Enselein also explained how technology can help to solve some of today’s biggest challenges, such as the many hurdles planners now face when trying to arrange in-person site visits. For this reason, virtual tours have become an increasingly attractive option. Enselein noted that many now report actually feeling more connected to their venue partners thanks to greater use of video chat software for planning purposes.

Venue-enabled event reporting systems, like the one offered through Hyatt’s Planner Portal, can also help to offload some of the logistical burden that event planners now face.  In today’s climate of cautious optimism, there is even more demand for tools that facilitate greater transparency around budgetary expenses. Additionally, venues can partner with event tech companies to provide solutions for hybrid event needs, and Hyatt has even worked with the Virtual Events Institute to provide planners with training opportunities.

When addressing other ongoing effects of the pandemic, Enselein suggested that organizers plan their events further in advance to allow for enough time to ensure new logistical challenges are anticipated. Given enough advance planning, venues can often help to find solutions for issues like restaurant shortages and limited valet parking.

Enselein also stressed the importance of incorporating wellbeing into every element of an event — both for attendees and the planners themselves. Stress levels are at an all-time high, and event organizers are at the forefront of those helping to re-establish a sense of human connection.


How to Confront the Lies We Tell Ourselves About Hybrid Events

Courtney Stanley, CEO of Courtney Stanley Consulting, also addressed the execution stage of events with her presentation, Hybrid Events: The Lies We Tell Ourselves. She urged planners not to make assumptions about the needs and wants of their attendees, their staff, or their speakers, particularly as they relate to the virtual or hybrid event experience. The hybrid audience should have their own unique experience around content, even if it’s the same content being presented to an attendee at the live portion of an event.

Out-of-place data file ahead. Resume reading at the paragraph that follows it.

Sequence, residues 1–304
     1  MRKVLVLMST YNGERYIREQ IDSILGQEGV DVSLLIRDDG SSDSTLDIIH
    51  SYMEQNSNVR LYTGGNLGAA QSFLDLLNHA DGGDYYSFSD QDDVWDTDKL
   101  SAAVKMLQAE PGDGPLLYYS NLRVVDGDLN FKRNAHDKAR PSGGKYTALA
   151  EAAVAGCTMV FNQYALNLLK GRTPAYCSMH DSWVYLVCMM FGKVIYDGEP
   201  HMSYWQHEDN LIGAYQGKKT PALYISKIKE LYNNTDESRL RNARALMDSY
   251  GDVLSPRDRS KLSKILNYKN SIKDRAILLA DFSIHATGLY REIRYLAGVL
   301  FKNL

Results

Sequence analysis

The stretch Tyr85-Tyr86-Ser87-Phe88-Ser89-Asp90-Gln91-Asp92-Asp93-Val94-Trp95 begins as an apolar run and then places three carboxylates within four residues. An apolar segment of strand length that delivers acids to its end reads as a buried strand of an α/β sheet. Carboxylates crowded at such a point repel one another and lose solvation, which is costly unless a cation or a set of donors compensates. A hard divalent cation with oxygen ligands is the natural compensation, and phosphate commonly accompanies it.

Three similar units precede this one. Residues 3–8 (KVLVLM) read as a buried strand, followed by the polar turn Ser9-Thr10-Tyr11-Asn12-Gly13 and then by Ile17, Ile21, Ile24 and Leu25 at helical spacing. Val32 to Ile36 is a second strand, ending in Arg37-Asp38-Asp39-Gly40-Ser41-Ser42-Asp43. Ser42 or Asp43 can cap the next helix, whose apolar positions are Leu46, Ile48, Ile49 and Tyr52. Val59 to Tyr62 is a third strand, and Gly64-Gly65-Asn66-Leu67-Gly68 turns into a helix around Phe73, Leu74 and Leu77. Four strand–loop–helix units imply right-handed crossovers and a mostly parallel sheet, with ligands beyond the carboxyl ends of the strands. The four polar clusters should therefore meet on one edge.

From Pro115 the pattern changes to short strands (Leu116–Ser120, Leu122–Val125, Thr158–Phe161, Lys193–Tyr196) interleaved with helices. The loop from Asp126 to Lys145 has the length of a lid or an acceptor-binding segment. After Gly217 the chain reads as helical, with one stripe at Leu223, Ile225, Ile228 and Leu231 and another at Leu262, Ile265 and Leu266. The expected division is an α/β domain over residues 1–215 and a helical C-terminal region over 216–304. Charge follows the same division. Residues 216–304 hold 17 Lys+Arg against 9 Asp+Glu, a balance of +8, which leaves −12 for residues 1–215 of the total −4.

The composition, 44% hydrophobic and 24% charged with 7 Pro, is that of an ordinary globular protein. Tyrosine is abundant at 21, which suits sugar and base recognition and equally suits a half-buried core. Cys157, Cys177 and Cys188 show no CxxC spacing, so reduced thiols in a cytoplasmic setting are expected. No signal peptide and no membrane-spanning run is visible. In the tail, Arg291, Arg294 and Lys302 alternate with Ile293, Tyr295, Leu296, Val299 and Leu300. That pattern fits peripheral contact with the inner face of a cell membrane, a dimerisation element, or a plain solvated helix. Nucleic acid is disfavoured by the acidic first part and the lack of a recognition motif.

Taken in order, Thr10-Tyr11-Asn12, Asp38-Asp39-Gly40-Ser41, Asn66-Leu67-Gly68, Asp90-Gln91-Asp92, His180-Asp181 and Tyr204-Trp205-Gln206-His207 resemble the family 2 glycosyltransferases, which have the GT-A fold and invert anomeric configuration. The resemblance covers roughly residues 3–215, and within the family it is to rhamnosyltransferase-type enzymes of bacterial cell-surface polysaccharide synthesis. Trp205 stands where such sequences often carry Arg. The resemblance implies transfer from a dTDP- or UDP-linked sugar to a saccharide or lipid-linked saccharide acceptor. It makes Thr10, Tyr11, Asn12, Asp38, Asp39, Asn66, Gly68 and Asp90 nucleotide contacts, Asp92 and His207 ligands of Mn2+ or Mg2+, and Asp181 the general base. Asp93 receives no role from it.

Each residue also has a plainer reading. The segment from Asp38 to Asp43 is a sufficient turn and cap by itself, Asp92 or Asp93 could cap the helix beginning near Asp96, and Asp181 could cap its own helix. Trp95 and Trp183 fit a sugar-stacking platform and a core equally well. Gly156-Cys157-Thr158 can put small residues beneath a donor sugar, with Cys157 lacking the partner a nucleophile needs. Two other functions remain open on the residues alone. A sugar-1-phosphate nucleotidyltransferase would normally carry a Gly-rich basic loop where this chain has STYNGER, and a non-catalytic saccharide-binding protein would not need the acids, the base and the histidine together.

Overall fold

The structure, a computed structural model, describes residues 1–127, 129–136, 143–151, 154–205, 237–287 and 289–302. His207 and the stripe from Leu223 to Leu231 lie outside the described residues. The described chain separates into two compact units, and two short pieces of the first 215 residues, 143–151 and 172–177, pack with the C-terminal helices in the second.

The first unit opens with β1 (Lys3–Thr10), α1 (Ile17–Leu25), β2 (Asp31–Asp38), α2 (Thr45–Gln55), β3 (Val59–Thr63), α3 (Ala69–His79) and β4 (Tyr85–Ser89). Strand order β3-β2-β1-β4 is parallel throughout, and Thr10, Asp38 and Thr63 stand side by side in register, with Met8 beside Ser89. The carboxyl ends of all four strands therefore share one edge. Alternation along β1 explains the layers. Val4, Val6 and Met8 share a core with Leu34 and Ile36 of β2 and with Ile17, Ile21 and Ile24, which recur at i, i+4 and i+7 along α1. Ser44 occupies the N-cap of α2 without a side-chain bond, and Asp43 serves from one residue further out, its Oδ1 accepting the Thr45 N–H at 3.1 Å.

Rather than outline a straightforward list of best practices, Stanley decided to tackle the stumbling blocks that planners may face when organizing hybrid events. Often, we learn just as much from our failures as from our successes.

“The best way we can support one another during times of challenge and change is to share knowledge. The more we talk about what mistakes we’ve made and what strategies work really well, the better our colleagues — and our industry — will perform, making our comeback stronger and our future brighter,” she said.

Here are Stanley’s top hybrid misconceptions at a glance:

1. Every platform does the same thing.

2. We don’t need to test new hybrid approaches.

3. The venue can handle all a hybrid event’s technical needs.

4. All audiences want the same thing.

5. We don’t need a virtual emcee.

6. Promotional strategies don’t need to change.

7. Speakers will be fine without training and support.

8. The event planning team will be fine without training and support.

9. The agenda can stay the same.

10. The audience will be fine getting up early.

11. Sponsors don’t like virtual formats.

For tips on how to address each of these potential pitfalls, watch the full video embedded above.

Additionally, stay tuned for more insights as we release further recordings from the Event Innovation Lab in the coming days.